ANAHEIM, Calif. – Row upon row of scouts were in place three hours before the Futures Game, gorging on every batting-practice swing and ground ball off a coach’s fungo. This was a feast for their eyes, the best minor league talent on one field.
A quick canvassing of opinion from several scouts on every position player is brought to you. Use it as a primer while watching the U.S. against the World, nine innings worth:
U.S. BATTING ORDER
Desmond Jennings(notes), Rays, LF: The heir-apparent to Carl Crawford(notes) if the Rays lose him to free agency after this season, Jennings has similar skills. He can fly, plays solid defense and could develop decent power. His arm is better than Crawford’s. The only knock on Jennings is that he’s been hurt a lot. He needs to stay on the field.
Dee Gordon, Dodgers, SS: The son of longtime closer Tom “Flash” Gordon, the Double-A shortstop has extraordinary range, a smooth glove and a rifle arm. He’s extremely fast, although he is thrown out stealing about one out of four tries. He’ll go as far as his bat takes him, and so far he hasn’t hit for any power.
Mike Moustakas(notes), Royals, 3B: The No. 2 overall pick in the 2007 draft has overcome a slow professional start to become one of the best hitting prospects in baseball. He can hit right- and left-handed pitchers and handles off-speed pitches well. Defense is not his forte.
Dominic Brown, Phillies, RF: Along with Jennings perhaps the closest U.S. player to the big leagues, Brown would replace Jayson Werth(notes) if he departs via free agency. Brown has home run power to all fields, makes steady contact despite an uppercut swing and can steal a base. His arm is more suited for left field.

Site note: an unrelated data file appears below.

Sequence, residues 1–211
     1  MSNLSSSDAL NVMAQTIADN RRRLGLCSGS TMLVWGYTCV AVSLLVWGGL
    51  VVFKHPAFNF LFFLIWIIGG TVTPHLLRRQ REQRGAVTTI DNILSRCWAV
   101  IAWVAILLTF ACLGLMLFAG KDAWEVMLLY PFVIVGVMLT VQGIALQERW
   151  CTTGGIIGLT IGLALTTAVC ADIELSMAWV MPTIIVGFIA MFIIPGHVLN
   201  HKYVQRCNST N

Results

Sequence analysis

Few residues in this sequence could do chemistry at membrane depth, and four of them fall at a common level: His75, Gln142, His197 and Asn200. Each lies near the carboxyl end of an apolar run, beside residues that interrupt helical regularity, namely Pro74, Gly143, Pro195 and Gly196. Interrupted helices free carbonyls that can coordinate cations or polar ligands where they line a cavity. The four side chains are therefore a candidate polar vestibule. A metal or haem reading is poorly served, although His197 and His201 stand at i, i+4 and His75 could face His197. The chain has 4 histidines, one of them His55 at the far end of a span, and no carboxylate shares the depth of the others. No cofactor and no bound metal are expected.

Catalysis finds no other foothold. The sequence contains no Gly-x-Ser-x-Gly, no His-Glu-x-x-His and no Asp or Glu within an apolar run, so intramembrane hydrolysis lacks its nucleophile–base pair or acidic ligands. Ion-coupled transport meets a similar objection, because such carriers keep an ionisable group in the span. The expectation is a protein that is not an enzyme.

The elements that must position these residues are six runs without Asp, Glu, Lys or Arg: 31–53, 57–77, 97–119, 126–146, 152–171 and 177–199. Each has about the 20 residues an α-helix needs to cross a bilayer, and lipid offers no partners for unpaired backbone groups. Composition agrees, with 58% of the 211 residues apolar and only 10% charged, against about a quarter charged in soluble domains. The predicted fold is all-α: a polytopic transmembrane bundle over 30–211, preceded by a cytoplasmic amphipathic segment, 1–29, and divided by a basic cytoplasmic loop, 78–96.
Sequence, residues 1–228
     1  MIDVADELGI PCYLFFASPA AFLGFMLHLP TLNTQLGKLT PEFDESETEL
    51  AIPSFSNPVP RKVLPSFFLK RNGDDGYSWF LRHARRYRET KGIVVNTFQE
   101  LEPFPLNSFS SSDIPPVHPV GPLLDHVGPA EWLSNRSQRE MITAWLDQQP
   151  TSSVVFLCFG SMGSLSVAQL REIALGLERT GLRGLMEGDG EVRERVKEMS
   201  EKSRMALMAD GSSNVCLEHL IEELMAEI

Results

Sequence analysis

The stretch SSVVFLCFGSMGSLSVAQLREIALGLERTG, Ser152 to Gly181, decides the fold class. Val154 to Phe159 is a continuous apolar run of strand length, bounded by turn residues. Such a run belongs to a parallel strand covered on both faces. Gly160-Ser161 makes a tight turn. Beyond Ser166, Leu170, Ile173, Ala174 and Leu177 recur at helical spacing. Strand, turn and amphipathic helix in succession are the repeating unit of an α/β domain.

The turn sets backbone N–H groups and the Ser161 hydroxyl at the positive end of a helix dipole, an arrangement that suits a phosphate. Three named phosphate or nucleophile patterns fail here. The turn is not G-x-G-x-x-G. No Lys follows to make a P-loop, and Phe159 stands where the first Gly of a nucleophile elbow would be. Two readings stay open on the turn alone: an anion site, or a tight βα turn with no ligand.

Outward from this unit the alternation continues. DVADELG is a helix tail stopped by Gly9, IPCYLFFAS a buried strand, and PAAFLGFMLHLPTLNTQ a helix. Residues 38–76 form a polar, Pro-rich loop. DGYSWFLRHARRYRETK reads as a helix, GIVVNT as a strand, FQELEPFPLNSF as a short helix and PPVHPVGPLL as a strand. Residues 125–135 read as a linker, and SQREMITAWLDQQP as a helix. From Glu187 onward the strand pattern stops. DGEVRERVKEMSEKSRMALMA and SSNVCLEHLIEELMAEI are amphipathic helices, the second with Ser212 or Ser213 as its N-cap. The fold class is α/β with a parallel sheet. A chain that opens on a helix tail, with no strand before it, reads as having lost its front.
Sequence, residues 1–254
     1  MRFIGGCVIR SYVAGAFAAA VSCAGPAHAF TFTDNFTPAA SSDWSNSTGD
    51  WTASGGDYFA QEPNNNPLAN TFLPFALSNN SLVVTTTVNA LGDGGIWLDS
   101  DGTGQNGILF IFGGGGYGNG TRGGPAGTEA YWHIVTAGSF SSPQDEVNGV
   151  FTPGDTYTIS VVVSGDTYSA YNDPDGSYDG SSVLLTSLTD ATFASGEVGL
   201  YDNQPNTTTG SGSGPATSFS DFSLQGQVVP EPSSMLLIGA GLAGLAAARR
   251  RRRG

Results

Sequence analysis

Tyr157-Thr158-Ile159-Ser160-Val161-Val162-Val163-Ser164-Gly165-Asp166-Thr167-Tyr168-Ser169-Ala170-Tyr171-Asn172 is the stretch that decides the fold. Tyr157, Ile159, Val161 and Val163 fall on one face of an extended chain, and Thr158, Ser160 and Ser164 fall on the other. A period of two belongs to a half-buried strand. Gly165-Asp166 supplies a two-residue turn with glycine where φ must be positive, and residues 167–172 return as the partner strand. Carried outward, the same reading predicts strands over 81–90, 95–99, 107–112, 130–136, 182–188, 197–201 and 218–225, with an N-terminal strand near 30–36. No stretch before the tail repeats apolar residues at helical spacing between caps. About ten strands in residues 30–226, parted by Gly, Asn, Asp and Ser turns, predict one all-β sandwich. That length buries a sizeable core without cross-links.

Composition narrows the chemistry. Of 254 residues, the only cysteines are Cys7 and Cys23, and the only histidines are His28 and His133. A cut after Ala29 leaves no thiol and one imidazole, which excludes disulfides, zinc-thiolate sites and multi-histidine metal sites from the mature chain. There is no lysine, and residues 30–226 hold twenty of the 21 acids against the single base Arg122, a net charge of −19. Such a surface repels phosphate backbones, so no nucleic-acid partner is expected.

Eric Hosmer, Royals, DH: Vision issues have been corrected, and Hosmer is finally displaying the hitting ability expected when he was a first-round pick in the 2008 draft. He is aggressive while also selective and uses the power alleys, giving him huge offensive upside. His glove is average.
Hank Conger, Angels, C: Very close to big league ready, the switch-hitting Conger makes consistent hard contact and could hit for a higher average than the Angels are used to at catcher. Defensively, he blocks the ball well but his throws take too long to get to second base.
Brett Jackson, Cubs, CF: A superior athlete out of Cal whose bat has come around better than most scouts expected, showing consistent contact and some power from an upright stance. He’s a plus defender in every respect, including his arm, and his speed plays in the outfield and the basepaths.
Logan Morrison(notes), Marlins, 1B: Gaby Sanchez beat him out for the Marlins’ first base job in spring training at least in part because Morrison had a shoulder injury. He’s ready for the big leagues right now. Morrison, whose wry humor has already made him a favorite with the media, is a solid first baseman, too.
Drew Cumberland, Padres, 2B: In his first injury-free season, Cumberland tore up the High-A California League and is doing the same in Double-A, albeit with no power. Some scouts project him as a super-utility player at the major league level would also could play outfield.
Mike Trout, Angels, OF: It’s been a breakout season for a player previously best known as the only prospect to attend the MLB Network draft show two years ago. Trout, 18, is a five-tool player who could be in the major leagues by age 20 now that it appears he has controlled his aggressiveness.
Austin Romine, Yankees, C: More attention has been paid to Yankees’ Triple-A catching prospect Jesus Montero(notes), but Romine might be the one who eventually replaces Jorge Posada(notes). Strictly a pull hitter, but a good one. Romine is a limber catcher with a strong arm.
Grant Green, Athletics, SS: A mature player who is putting up impressive offensive numbers in High-A ball, Green nevertheless needs work defensively. He tends to play shortstop passively and doesn’t possess great range. His bat will get him to the big leagues.